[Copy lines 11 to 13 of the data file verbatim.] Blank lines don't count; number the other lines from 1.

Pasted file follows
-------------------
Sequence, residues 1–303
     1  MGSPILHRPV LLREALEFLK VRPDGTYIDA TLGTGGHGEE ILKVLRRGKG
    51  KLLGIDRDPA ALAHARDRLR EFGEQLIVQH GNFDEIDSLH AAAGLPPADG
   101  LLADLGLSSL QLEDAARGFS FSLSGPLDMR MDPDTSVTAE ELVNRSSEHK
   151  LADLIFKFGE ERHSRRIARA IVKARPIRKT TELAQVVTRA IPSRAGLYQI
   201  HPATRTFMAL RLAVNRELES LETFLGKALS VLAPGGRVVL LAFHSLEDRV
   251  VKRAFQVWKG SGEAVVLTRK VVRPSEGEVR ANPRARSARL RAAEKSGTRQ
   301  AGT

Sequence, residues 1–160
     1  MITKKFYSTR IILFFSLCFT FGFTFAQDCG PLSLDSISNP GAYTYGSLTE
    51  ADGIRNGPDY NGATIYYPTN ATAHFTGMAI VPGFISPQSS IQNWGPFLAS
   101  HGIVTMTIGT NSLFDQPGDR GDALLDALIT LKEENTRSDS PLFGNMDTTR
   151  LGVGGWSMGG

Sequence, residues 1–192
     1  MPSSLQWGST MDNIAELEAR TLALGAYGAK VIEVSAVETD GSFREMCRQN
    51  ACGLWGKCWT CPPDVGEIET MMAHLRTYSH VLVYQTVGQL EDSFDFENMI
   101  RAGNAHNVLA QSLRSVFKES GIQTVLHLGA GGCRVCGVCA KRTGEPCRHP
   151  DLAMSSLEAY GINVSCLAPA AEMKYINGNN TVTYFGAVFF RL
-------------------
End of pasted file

    51  ADGIRNGPDY NGATIYYPTN ATAHFTGMAI VPGFISPQSS IQNWGPFLAS
   101  HGIVTMTIGT NSLFDQPGDR GDALLDALIT LKEENTRSDS PLFGNMDTTR
   151  LGVGGWSMGG